Noted on the tone. I’m just trying to say the most with the least words. Let me step back and say that I really like the idea of MaidSAFE and what you guys are doing
Please take a second and look at it from my point of view: it’s kind of hard to comment on the scheme or nail down a problem when it’s a moving target. First you said that only neighboring keys were xored, then you said that the current one was too, now it’s some combination of them. First you said the XOR is fluff or it’s preventing against a future attack on AES and now it’s actually to prevent a sort of known plaintext attack.
As far as the level of detail, I’m just looking for an algorithm in terms of crypto primitives (AES, SHA, etc.), not code. The system doc seems to have a reasonable one, but it is vague in places.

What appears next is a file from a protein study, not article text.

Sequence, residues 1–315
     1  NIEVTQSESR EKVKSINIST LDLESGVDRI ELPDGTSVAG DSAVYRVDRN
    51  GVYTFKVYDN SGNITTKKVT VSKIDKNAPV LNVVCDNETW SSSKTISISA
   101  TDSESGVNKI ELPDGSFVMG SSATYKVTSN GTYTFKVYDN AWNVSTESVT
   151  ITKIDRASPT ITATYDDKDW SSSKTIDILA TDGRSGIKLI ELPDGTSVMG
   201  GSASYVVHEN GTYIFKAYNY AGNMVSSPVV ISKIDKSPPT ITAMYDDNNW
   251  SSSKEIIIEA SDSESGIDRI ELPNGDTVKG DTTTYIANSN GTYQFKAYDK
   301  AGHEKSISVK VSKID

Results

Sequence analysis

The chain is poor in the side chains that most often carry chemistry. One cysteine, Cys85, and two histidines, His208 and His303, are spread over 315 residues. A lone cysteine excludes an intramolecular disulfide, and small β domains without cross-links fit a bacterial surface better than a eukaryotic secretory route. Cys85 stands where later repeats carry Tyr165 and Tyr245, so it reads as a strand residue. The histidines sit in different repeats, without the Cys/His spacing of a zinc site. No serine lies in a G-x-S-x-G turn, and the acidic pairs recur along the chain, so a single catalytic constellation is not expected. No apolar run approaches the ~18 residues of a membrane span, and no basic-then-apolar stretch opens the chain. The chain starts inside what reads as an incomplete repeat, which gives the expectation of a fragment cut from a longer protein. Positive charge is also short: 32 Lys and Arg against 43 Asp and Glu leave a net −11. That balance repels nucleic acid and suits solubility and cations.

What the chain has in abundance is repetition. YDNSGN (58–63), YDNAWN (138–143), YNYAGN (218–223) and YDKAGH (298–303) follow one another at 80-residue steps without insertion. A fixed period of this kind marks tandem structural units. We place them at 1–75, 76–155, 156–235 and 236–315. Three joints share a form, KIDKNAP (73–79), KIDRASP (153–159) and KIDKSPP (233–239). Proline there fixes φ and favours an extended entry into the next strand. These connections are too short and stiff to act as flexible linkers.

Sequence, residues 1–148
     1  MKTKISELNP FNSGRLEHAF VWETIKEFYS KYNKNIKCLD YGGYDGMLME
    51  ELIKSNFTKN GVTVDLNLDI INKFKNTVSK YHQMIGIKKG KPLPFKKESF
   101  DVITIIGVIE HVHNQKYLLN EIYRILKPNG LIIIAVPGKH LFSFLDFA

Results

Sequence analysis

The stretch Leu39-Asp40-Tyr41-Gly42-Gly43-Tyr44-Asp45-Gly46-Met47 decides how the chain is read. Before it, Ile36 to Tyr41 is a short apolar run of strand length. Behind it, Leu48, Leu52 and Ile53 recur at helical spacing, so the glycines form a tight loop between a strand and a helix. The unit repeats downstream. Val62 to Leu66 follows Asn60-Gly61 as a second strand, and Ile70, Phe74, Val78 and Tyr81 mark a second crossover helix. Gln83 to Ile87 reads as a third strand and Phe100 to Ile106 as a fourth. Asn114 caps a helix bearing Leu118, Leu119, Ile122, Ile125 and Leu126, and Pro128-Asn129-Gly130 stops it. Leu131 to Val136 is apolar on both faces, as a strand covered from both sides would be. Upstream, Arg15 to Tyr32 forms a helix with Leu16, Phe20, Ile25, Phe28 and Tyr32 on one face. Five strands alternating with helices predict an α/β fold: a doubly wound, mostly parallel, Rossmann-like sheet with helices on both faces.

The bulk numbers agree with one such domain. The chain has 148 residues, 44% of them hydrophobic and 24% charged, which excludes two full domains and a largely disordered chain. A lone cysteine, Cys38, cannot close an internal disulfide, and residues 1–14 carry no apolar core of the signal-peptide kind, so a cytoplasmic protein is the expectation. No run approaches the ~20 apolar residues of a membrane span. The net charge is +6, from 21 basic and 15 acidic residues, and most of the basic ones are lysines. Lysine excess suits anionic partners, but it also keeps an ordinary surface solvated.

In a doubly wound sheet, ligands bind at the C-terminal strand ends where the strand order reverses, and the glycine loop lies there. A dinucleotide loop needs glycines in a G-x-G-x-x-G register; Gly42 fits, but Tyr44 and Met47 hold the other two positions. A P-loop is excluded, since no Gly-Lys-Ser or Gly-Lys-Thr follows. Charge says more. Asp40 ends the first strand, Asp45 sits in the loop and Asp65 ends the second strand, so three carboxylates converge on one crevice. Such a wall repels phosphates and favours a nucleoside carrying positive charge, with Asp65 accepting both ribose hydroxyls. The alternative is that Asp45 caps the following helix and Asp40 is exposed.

Regarding precision, let me lay out my critique:
- Without the XOR, the current scheme is not secure as knowing information about neighboring chunks allows decryption of the current chunk. We’ve agreed on this, if I am correct.
- So, the security of the system depends on the XOR.
- Without knowing what “key gen” does (I don’t see it in the doc), it’s hard to say at this point if the XOR is secure – in fact it might leak information.
- Neither the AES or XOR portion is sufficient by itself – so there are multiple points of failure. It’s not the best practice to have multiple points of failure. (The XOR scheme might even be insecure as it stands, but without more detail on it I can’t say)
I agree with you, no scheme is 100% correct. However, as you say, the approach needs to be correct. Is this approach correct? It’s not clear, but simpler, correct approaches exist.